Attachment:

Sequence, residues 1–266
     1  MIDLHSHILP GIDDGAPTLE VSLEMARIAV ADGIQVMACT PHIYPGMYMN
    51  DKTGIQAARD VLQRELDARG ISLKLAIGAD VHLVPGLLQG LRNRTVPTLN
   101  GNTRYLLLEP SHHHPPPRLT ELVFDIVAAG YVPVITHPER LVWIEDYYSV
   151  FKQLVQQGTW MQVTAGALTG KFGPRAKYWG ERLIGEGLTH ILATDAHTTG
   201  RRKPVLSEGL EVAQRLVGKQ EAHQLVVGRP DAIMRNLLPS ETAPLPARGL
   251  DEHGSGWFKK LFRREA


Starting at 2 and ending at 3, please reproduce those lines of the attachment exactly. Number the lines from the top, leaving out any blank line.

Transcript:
     1  MIDLHSHILP GIDDGAPTLE VSLEMARIAV ADGIQVMACT PHIYPGMYMN
    51  DKTGIQAARD VLQRELDARG ISLKLAIGAD VHLVPGLLQG LRNRTVPTLN